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Puerto Rico Struggling with Shortages of Basic Supplies


Ricardo Gonzalez sits on a gas container with his uncle Miguel Colon as hundreds of people wait in line since early morning hours to buy gasoline three days after the impact of Hurricane Maria in Carolina, Puerto Rico, Sept. 23, 2017.

The storm-damaged U.S. territory of Puerto Rico continues to suffer with shortages of water, food, medicine and other supplies.

Puerto Rico suffered major damage a week ago when Hurricane Maria struck with high winds and heavy rain. It was the strongest storm to hit Puerto Rico in decades.

Maria destroyed the electricity system, as well as homes, businesses, roads and farms across the island. At least 16 people were killed. There still is no exact cost estimate for total storm damage. But Puerto Rico’s Governor Ricardo Rossello says the country’s economy will be mostly halted for at least a month.

Getting supplies to the people who greatly need them has been difficult because the storm also damaged major ports.

National Guardsmen arrive at Barrio Obrero in Santurce to distribute water and food among those affected by the passage of Hurricane Maria, in San Juan, Puerto Rico, Sept. 24, 2017.
National Guardsmen arrive at Barrio Obrero in Santurce to distribute water and food among those affected by the passage of Hurricane Maria, in San Juan, Puerto Rico, Sept. 24, 2017.

Officials say power remains out across the Caribbean island and about 90 percent of mobile phone transmitters are not working. Many residents have been driving around the island trying to find limited areas where phone service is still working.

There are severe shortages of fuel and money. Many people cannot work or run businesses because fuel to operate power generators is in short supply. Most food stores and restaurants remain closed.

There are long lines at the few banks that are open and most money machines are not operational. Travel for the island’s 3.4 million residents is difficult, with only a few flights departing Puerto Rico each day.

People wait in line to withdraw cash at a bank in the aftermath of Hurricane Maria, in San Juan, Puerto Rico, Sept. 27, 2017.
People wait in line to withdraw cash at a bank in the aftermath of Hurricane Maria, in San Juan, Puerto Rico, Sept. 27, 2017.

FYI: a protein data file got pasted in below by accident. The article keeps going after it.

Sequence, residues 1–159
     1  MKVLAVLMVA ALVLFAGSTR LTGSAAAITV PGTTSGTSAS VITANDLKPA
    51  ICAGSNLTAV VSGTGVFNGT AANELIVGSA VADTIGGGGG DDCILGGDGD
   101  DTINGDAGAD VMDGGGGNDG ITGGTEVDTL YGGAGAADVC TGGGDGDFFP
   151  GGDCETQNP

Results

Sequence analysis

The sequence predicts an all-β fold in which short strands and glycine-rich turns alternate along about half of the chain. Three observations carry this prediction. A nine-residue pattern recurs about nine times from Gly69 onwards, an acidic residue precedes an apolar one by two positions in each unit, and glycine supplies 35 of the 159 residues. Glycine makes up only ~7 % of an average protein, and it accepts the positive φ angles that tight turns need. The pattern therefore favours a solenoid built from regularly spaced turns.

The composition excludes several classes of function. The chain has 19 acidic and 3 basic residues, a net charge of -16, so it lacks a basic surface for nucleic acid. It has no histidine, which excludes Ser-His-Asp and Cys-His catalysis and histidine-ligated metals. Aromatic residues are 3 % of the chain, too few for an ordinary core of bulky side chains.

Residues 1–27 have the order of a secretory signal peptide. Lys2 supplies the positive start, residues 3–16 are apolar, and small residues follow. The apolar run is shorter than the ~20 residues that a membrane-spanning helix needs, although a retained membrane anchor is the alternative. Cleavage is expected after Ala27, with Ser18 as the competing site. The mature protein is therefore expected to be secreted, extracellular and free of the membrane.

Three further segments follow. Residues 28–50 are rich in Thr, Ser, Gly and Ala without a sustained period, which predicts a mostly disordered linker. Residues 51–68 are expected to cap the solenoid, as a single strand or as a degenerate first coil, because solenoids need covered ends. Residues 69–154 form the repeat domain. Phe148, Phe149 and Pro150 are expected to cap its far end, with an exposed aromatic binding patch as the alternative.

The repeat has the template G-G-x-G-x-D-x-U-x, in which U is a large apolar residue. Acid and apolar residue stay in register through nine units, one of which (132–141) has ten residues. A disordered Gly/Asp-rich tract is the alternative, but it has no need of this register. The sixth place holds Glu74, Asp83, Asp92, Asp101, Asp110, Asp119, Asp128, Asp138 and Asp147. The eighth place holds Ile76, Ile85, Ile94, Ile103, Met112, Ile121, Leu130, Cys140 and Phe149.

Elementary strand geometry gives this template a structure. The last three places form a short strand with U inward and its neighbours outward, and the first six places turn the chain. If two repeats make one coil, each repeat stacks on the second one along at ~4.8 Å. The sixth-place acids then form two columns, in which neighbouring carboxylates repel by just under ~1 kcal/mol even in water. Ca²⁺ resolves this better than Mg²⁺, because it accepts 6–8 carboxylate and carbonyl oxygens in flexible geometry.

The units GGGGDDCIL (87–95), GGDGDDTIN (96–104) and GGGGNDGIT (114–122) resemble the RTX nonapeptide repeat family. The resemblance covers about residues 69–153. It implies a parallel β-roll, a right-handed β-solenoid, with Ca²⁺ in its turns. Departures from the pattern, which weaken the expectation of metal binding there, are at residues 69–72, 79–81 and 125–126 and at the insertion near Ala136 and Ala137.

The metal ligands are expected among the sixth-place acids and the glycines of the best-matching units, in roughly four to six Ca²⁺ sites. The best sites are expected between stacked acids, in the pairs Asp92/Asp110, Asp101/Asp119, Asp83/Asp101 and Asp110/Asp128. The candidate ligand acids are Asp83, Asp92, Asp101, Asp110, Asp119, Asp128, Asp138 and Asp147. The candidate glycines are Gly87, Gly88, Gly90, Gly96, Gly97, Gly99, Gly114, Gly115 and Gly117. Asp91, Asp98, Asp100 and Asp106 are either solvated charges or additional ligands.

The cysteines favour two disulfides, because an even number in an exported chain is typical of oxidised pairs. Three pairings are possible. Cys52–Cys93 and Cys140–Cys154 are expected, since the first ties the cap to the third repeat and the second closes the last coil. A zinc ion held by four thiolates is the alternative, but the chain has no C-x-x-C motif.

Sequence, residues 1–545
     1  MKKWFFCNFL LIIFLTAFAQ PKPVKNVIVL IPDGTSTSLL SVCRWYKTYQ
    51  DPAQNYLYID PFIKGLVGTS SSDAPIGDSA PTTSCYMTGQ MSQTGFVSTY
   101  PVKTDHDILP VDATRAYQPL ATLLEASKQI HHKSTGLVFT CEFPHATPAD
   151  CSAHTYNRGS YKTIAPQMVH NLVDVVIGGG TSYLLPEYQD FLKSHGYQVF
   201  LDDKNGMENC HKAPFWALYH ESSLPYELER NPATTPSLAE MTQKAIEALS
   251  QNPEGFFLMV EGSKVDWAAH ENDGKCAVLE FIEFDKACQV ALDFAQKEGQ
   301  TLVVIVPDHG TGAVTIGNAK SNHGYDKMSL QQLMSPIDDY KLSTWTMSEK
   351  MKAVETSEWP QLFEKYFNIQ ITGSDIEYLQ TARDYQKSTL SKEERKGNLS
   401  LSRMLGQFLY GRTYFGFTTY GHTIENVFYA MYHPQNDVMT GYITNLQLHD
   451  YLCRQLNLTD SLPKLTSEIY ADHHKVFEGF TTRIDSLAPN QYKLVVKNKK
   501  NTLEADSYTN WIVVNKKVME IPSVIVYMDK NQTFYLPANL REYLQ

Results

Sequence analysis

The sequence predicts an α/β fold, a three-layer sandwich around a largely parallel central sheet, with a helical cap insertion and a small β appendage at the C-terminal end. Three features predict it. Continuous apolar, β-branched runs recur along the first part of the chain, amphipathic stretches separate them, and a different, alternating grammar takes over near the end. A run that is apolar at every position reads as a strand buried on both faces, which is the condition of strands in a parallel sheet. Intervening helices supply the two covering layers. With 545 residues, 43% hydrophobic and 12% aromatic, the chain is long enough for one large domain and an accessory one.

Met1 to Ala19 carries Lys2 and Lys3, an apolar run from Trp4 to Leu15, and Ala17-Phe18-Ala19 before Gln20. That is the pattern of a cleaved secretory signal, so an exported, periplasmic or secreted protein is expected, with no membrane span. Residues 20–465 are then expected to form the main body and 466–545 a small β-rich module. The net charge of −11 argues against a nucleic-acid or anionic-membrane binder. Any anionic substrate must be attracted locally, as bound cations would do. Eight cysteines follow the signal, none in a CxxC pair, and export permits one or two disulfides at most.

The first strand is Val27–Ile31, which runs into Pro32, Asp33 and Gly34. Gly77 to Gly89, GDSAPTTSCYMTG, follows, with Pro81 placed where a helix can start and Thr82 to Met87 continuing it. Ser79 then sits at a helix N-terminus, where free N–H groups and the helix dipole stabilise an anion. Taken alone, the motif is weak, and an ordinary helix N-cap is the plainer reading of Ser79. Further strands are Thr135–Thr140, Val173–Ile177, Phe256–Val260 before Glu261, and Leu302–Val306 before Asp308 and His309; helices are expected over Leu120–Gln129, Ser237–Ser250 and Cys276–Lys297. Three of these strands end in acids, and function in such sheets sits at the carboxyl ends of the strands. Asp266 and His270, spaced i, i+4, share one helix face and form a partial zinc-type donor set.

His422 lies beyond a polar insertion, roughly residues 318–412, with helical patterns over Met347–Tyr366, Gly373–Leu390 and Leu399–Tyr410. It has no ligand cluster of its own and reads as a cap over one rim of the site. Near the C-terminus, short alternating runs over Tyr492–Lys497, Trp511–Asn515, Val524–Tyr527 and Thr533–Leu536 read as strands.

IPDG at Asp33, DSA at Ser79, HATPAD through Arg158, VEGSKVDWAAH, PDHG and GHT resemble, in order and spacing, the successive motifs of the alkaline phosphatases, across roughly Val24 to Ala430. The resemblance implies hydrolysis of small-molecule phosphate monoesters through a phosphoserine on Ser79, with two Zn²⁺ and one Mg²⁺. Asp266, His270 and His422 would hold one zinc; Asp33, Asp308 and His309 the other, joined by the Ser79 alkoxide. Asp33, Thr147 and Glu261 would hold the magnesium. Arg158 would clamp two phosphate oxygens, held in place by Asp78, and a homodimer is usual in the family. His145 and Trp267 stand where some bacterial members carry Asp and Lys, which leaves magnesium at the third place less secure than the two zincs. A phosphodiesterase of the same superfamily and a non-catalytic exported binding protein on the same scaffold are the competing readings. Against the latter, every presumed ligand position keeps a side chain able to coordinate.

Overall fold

The Trump administration announced Thursday it was waiving a federal law that bans foreign-flagged ships from transporting goods between U.S. ports. Puerto Rico’s governor and U.S. lawmakers had urged the move to help get supplies to the island quicker and at less cost.

The Trump administration faced criticism earlier this week for not doing enough to improve the rising humanitarian crisis. On Thursday, Trump tweeted that many supplies and power sources had arrived on the island.

“The electric power grid in Puerto Rico is totally shot. Large numbers of generators are now on Island. Food and water on site,” he wrote.

Puerto Rico already had economic problems before the storm. The island has been in a recession for more than a decade, with a poverty rate of 45 percent and unemployment around 10 percent.

The U.S. territory also has more than $73 billion dollars in debt. Before the storm, the government was negotiating with creditors to restructure the debt, which the previous governor declared unpayable.

Current Governor Rossello said the storm has made things even worse. He told reporters that Puerto Rico will not be able to bring in any income for at least a month.

I’m Bryan Lynn.

Bryan Lynn wrote this story for VOA Learning English, based on reports from VOA News, the Associated Press and Reuters. Hai Do was the editor.

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Words in This Story

transmitter n. device that sends out radio, television or phone signals

generator – n. machine that produces electricity

waive – v. not require something that is usually required

creditor n. person or organization someone owes money to

income – n. money that is earned from work

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